Managing risk, managing pain
Oxycodone. Morphine. Fentanyl.
They’re some of the most effective drugs on the market for pain, but they’re also some of the most addictive.
There’s a place for these drugs, says Roger Suss, [MD/88]. But from what he’s seen at his clinic in Winnipeg’s inner city, a lot of the patients using them probably never should have been prescribed narcotics in the first place – either because another treatment would have been equally effective or they have medical contraindications that make narcotics a risky choice.
“A lot of patients come to us already on opioids,” says Suss, a family physician at the Northern Connection Medical Centre (NCMC) and assistant professor, department of family medicine, Max Rady College of Medicine, Rady Faculty of Health Sciences. “We didn’t prescribe them and we never would have chosen it for them.”
And often, opioid overuse is not even their main problem, he adds. Many also have chronic health conditions that are compounded by social issues like poverty, inadequate housing, unemployment or other substance abuse.
Recent guidelines suggest that many patients should taper down until they’re off narcotics altogether. The problem is, most don’t want a smaller dose of pills. And they certainly don’t want to hear ‘no, you need to stop immediately.’
Suss says the key is finding common ground – a plan both the patient and physician can live with. And just as important, the patients need a clinic that will look after all of their medical problems, not just their opioid use.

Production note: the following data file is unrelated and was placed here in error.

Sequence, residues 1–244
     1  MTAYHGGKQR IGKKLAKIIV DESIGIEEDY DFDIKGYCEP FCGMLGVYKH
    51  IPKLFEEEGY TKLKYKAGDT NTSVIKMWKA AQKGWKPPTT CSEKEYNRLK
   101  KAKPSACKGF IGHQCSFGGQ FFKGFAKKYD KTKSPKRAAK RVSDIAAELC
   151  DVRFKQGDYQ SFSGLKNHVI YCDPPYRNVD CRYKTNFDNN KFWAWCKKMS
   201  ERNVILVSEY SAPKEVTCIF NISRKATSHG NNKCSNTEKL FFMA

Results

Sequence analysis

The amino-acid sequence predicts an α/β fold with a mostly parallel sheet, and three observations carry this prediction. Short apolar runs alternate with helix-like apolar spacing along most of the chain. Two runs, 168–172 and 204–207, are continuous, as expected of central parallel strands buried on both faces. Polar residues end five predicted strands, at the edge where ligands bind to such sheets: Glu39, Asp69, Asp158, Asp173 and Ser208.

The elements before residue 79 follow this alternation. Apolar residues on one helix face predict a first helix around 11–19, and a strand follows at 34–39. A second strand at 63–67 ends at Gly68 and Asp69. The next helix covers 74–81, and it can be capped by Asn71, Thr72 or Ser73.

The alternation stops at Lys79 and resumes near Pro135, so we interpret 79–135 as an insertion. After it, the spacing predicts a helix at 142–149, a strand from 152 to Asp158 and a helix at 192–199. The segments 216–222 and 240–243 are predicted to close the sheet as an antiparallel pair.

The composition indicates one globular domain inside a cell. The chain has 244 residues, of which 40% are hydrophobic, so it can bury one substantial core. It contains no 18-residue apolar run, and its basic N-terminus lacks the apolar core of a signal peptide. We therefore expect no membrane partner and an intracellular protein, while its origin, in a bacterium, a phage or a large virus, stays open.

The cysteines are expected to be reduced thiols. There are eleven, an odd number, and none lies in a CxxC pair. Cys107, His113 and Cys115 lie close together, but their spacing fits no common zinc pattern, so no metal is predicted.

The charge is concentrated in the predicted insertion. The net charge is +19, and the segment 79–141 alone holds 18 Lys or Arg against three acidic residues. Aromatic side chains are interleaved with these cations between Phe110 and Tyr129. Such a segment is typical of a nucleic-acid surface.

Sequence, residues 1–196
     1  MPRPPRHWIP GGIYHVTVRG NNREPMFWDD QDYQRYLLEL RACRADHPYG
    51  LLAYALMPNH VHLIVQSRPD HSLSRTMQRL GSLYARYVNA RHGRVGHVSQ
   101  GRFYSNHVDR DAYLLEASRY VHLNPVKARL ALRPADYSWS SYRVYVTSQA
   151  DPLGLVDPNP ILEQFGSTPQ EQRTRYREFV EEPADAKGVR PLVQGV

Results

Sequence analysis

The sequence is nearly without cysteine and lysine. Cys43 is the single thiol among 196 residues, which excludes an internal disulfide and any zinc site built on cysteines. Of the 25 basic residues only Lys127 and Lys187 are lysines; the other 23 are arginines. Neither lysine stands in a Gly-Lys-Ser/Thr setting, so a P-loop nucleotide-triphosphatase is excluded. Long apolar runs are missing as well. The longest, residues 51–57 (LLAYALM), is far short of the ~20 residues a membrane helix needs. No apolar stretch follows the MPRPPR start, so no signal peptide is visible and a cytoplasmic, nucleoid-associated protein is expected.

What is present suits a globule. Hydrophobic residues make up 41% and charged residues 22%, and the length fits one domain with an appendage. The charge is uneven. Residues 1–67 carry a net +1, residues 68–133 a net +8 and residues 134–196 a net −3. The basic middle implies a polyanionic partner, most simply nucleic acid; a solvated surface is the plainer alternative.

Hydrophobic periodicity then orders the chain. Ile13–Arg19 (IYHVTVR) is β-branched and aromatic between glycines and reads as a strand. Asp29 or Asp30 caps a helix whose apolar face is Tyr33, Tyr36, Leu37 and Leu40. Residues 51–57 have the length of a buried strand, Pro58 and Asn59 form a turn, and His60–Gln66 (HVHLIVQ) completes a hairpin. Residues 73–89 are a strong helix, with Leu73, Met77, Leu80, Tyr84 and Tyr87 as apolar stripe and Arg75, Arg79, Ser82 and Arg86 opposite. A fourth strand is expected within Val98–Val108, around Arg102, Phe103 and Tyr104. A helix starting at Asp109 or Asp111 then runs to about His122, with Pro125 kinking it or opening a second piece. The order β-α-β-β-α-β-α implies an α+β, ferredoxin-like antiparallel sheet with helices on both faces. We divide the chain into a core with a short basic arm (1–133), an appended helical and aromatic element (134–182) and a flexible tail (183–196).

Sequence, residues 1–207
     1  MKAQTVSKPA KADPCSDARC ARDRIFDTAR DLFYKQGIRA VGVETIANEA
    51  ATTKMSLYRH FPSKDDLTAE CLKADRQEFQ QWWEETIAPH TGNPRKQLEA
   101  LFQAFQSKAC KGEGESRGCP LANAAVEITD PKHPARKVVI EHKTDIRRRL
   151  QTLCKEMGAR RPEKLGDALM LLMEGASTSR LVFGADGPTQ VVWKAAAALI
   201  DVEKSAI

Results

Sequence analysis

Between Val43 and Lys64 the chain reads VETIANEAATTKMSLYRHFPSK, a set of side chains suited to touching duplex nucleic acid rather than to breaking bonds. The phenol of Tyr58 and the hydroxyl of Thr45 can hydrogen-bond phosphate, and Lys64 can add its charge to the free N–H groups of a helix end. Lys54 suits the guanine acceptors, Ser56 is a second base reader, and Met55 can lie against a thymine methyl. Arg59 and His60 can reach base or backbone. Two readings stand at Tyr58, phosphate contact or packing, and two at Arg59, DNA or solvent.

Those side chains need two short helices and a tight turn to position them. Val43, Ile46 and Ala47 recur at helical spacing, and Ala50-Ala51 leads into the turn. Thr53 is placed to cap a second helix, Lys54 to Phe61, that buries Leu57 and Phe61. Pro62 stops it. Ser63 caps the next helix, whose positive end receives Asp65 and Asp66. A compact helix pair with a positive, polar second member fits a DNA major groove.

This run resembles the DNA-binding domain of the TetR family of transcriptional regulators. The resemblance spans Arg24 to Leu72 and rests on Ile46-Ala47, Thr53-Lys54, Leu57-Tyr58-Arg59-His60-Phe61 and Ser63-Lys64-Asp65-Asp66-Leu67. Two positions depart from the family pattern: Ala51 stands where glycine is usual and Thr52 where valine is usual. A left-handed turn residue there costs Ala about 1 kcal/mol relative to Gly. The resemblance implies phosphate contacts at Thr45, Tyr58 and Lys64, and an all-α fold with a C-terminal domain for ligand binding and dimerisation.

Suss admits that better managing opiate use is also going to take some work on the clinic side. “A physician who is working with a patient to reduce their dose may feel undercut when the patient sees someone else and says, ‘My pain was too bad so I had to use more’ or ‘My meds fell in the toilet.’ If that colleague refills that prescription they may undermine the plan,” he says. “No one is ensuring that doesn’t happen. And the patient isn’t thinking long-term. They really do want to stop, sometime down the road. Just not now.”
Suss and his team realized it was time for physicians to “get tough.” But not with patients – with each other. That’s when they created a tool that facilitates coordinated care for anyone receiving opioids for anyone visiting NCMC.
It’s simple and it’s clear. First, a primary physician is identified for each patient. Together, that physician and the patient will create a plan. It gets documented in a conspicuous place in the chart, so no matter who the patient sees next, the plan is easy to reference.
Naturally, there may be times when things aren’t straightforward, the plan is unclear or there are issues around patient compliance. That’s when the secondary physician connects back to his or her peer, making sure that the path forward is unambiguous. With regular oversight by the primary physician, there is always someone keeping an eye on the big picture.
Over the past four years, Suss has been reviewing the charts of about 40 patients who have been prescribed moderate or strong narcotics to track the tool’s progress. “Our results suggest that we have been quite successful in reducing the opioid dosage for many of our patients, with minimal opioid use from other sources.”
As expected, a certain number of patients leave when they are unable to find common ground with their primary physician. “We wish they had stayed, we wish we could provide them with medical care, but at least we are not part of the problem,” says Suss. “Our findings are that you can help maybe half of them, without hurting the other half.”
He considers this tool – unique amongst family medicine physicians in Canada – to be a promising step in the right direction. “It creates a strategy for family physicians everywhere for dealing with patients with chronic opioid use problems.”
Dr. Roger Suss [MD/88]
Assistant Professor Department of Family Medicine, Researcher, Family Physician
Max Rady College of Medicine, Family Medicine, Rady Faculty of Health Sciences
Research: Evaluating the effectiveness of a documented prescribing plan for a primary care team treating patients who are already on chronic opioid therapy, in stabilizing opioid use.